As many ABA members know, many of the Hawaiian bird species that soon will be added to the ABA checklist are endangered. There are several threats that have contributed to the decline of Hawaiian birds, and the importance of those factors varies among the species. For one of Hawaii’s endangered endemic birds, the Oahu Elepaio, the primary threat is predation on nests by non-native rats.
Elepaio are members of the Monarch Flycatcher family (Monarchidae), which does not occur in North America, and there are three species of elepaio, one each on the islands of Kauai, Oahu, and Hawaii. The Kauai and Hawaii elepaio species are relatively common, but the Oahu Elepaio is rare and endangered.
Efforts to control rats numbers have been successful at reducing predation by rats, and in some areas have reversed the declines and allowed Oahu Elepaio numbers to increase. The trick now is to control rats over a larger area to protect more nesting elepaio pairs, and an effort is currently underway to do just that.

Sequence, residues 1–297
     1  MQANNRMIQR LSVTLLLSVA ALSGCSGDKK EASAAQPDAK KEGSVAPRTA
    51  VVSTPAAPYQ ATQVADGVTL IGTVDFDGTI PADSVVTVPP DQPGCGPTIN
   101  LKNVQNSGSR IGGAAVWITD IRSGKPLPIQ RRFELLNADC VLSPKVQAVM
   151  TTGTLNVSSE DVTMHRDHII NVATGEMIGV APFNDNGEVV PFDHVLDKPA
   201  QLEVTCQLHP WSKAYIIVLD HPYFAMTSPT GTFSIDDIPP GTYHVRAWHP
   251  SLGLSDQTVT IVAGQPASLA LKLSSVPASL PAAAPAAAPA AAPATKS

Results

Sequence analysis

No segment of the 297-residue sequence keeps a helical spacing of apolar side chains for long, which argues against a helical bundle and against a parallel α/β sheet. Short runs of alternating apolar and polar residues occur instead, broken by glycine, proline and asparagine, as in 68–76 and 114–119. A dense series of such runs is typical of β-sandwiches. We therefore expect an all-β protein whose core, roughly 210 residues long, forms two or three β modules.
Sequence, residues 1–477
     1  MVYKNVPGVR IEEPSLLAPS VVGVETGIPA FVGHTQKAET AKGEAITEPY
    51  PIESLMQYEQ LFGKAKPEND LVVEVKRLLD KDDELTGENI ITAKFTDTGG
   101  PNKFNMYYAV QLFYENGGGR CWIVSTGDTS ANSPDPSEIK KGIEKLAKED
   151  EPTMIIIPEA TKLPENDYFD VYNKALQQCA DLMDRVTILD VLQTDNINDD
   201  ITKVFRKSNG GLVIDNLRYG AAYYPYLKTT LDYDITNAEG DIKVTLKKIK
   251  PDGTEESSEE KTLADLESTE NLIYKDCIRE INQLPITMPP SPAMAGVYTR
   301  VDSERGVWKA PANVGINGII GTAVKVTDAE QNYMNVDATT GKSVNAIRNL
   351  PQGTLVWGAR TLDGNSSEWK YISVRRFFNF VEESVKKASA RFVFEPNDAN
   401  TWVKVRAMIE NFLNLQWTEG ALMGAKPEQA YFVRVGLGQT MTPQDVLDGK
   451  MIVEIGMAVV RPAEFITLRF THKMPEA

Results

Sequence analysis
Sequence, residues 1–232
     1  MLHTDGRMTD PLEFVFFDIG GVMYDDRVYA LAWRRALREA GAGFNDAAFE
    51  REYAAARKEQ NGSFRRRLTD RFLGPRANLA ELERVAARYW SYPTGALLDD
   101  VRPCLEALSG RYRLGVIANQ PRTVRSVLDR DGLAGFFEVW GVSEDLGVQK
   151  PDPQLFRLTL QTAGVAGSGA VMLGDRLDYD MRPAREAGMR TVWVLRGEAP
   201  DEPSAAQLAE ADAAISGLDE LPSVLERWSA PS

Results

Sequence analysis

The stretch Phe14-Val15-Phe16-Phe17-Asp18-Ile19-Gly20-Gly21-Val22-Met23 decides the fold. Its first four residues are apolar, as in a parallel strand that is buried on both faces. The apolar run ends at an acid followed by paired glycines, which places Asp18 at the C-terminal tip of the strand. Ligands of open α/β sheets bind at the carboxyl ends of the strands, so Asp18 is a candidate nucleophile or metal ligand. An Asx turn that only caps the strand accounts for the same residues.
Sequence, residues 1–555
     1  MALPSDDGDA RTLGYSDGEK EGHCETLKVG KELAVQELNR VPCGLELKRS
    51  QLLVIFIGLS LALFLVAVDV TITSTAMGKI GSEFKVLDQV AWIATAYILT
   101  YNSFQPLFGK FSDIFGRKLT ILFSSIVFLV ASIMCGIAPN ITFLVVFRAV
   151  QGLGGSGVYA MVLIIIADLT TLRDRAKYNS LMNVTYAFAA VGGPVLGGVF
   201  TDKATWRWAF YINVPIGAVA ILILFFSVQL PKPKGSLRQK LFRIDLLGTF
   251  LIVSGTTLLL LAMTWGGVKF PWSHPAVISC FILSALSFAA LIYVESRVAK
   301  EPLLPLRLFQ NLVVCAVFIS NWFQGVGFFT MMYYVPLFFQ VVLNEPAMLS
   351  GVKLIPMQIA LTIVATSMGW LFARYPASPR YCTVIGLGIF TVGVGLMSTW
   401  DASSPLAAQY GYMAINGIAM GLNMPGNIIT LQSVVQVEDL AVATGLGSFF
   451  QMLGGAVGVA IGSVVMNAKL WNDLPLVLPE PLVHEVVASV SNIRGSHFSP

A crowdfunding campaign launched by Pacific Rim Conservation, a 501(c)(3) non-profit organization based in Hawaii is raising funds to remove rats from more areas where elepaio are trying to nest. This is a deceptively simple project, but it’s one that really works and works well. A small donation can have a big impact on these native Hawaiian birds.
To learn more about all of the elepaios found in Hawaii, see this ABA Blog post and the accompanying article published in the July 2012 issue of Birding magazine (members only).